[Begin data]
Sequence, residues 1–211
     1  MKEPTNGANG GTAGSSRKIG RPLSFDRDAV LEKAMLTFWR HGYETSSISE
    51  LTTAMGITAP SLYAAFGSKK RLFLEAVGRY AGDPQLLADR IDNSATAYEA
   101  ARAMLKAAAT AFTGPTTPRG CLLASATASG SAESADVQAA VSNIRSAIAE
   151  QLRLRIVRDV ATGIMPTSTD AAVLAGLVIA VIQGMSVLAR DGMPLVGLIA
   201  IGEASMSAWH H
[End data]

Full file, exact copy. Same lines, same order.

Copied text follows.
Sequence, residues 1–211
     1  MKEPTNGANG GTAGSSRKIG RPLSFDRDAV LEKAMLTFWR HGYETSSISE
    51  LTTAMGITAP SLYAAFGSKK RLFLEAVGRY AGDPQLLADR IDNSATAYEA
   101  ARAMLKAAAT AFTGPTTPRG CLLASATASG SAESADVQAA VSNIRSAIAE
   151  QLRLRIVRDV ATGIMPTSTD AAVLAGLVIA VIQGMSVLAR DGMPLVGLIA
   201  IGEASMSAWH H